For years, Ken Paxton has been able to avoid ethics complaints, criminal charges, and an FBI investigation thanks to the privileges and protections that come with being Texas’ top attorney.
The Texas Senate’s decision on Saturday to exonerate Paxton of all corruption-related allegations in the wake of his impeachment trial has once again shown the Republican’s exceptional political fortitude. And in future legal confrontations, he will still have the attorney general’s office to defend him.
Following his exoneration, Paxton, 60, thanked his solicitors for “exposing the absurdity” of the “false allegations” made against him and vowed to carry on fighting the Joe Biden administration in court.
“The weaponization of the impeachment process to settle political differences is not only wrong, it is immoral and corrupt,” he said in a statement. “Now that this shameful process is over, my work to defend our constitutional rights will resume.”
Despite being back in office, Paxton still faces significant risk on three fronts: a federal investigation that is still ongoing into the same accusations that resulted in his impeachment; a disciplinary action for his attempt to rig the 2020 presidential election; and felony securities fraud charges that date back to 2015. Here are some details on each:
When eight of Paxton’s top deputies reported him for allegedly breaching the law to aid a wealthy donor, Austin real estate developer Nate Paul, the FBI launched an investigation.
The main grounds for Paxton’s impeachment were the former deputies’ allegations that he had used his authority improperly to aid Paul. The impeachment probe, according to Texas House of Representatives lawmakers, was spurred by the still-unresolved issue of paying for a $3.3 million settlement in a lawsuit filed by four of the deputies.
A number of Paxton’s former subordinates testified against him. They described going to the FBI, and they stated in court that the attorney general attempted to assist Paul in avoiding a different FBI probe.
Additionally, they stated that Paul worked with a woman with whom Paxton had an adulterous relationship. Drew Wicker, a different ex-employee, claimed Paxton’s second-in-command afterwards discouraged him from talking to the FBI.
Paul was charged with making false representations to banks in a June indictment. He entered a not guilty plea and was not asked to give a statement during the impeachment hearing.
Years-long federal investigation of Paxton was transferred in February from Texas prosecutors to ones in Washington, D.C. According to two persons with knowledge of the situation who spoke on the condition of anonymity due to the confidentiality requirements surrounding grand jury procedures, federal prosecutors started using a grand jury in San Antonio in August to look into Paxton and Paul’s activities.
One claimed Wicker, Paxton’s former personal assistant, testified before the grand jury. Wicker stated during the impeachment hearing that he once overheard a builder tell Paxton he should check with ‘Nate’ about the price of upgrades for the attorney general’s Austin house.
Paxton has always maintained his innocence. In August, Dan Cogdell, one of his defence attorneys, confirmed that investigators were still speaking with witnesses but claimed the “case will go nowhere at the end of the day.”
A CASE OF SECURITIES FRAUD
Paxton was charged with misleading investors in a software firm in the Dallas region in 2015 by failing to disclose that he was being paid by the company, Servergy, to recruit the investors. He has pled not guilty and faces a sentence of five to 99 years in jail if found guilty.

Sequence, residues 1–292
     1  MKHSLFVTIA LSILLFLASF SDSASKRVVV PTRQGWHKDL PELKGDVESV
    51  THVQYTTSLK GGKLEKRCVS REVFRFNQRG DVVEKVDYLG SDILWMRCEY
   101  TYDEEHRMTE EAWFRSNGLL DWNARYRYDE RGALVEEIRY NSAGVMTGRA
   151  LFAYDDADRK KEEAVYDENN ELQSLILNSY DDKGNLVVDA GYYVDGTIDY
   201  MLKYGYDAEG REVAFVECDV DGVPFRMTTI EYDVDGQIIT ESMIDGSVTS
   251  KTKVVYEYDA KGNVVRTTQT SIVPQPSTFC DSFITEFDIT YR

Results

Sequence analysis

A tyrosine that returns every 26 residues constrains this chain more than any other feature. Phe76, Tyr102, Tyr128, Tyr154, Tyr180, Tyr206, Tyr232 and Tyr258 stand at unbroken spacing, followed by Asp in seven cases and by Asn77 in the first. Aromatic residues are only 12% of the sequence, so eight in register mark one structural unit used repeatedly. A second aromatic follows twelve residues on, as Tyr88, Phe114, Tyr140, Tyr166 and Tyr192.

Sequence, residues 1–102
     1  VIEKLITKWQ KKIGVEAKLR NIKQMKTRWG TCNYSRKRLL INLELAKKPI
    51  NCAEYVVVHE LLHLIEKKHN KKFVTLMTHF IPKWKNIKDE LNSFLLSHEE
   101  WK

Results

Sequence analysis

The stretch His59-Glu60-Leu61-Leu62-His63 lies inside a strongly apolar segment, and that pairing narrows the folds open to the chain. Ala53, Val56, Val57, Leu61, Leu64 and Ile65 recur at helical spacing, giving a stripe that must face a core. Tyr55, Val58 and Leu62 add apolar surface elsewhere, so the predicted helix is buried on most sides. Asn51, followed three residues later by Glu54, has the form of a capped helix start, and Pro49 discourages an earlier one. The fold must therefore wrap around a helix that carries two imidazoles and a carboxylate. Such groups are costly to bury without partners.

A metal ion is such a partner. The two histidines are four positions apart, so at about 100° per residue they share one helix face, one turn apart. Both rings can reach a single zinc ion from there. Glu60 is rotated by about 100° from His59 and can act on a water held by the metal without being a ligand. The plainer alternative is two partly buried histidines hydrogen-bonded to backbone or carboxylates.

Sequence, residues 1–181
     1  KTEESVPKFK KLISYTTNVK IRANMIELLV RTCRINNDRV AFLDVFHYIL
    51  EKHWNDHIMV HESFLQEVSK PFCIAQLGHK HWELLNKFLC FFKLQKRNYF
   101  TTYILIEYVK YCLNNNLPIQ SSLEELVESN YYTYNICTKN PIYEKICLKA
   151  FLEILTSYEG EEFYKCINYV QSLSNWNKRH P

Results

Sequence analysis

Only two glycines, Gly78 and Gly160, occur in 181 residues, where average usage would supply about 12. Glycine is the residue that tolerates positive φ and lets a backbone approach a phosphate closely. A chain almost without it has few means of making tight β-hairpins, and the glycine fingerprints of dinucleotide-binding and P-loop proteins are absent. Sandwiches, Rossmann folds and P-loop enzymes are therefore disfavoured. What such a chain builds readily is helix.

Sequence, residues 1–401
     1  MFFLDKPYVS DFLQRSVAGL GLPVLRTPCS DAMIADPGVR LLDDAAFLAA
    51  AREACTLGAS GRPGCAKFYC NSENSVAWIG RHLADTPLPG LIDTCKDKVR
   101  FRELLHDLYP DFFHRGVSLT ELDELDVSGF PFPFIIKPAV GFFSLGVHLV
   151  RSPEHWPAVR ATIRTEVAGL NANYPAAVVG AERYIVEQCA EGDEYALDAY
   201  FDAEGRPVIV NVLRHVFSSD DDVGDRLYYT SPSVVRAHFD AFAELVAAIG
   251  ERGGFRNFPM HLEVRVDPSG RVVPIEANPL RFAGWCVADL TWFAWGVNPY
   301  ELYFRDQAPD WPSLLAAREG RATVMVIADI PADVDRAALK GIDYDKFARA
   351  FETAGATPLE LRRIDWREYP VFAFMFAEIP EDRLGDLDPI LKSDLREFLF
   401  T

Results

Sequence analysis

Just a few months after Paxton was sworn in as attorney general, the indictments were announced. Despite them, he won a second and third term.
Paxton’s trial has been postponed due to legal wrangling over where it should be held—in the Dallas or Houston area, by a different judge, and over how much the special prosecutors should be paid.
The Texas Supreme Criminal Court decided that Paxton’s trial would continue in Houston weeks after the Republican-controlled Texas House moved to impeach him. After the impeachment trial, the judge presiding over it indicated in August that she would schedule the trial.
In that same month, Cogdell predicted that if Paxton lost his job, he may consider entering into a plea deal.
THE DISCIPLINARY HEARING
An ethics lawsuit initiated by the state bar was also put on hold throughout Paxton’s impeachment trial.
Paxton urged the U.S. Supreme Court in 2020 to essentially reverse Joe Biden’s election victory over then-President Donald Trump on the grounds of false allegations of fraud. The request was denied by the top court.
Following that, a number of complaints were made to the State Bar of Texas stating that Paxton and a constable had engaged in improper behaviour during the suit. Initially ignoring the accusations, the bar later opened an investigation.
The bar filed a lawsuit last year, alleging that Paxton and his second-in-command were “dishonest” before the Supreme Court and asking for vague discipline against them.
Paxton brushed off the bar’s legal actions as “meritless” political retaliation. The attorney general’s office has contended that because the bar is a part of the judicial branch and it is an executive branch agency, the cases violate the state constitution’s provision on the separation of powers.
This reasoning was accepted by the court presiding over the bar’s prosecution of the constable, Brent Webster. But in July, he was overturned on appeal. Another court had set Paxton’s disciplinary hearing arguments for that month, but postponed them when it became evident they would conflict with his impeachment trial.
After Paxton was removed from office, the attorney general’s office nonetheless defended him in the case. Paxton might face disbarment, suspension, or other penalties if it’s determined that he broke any ethics standards.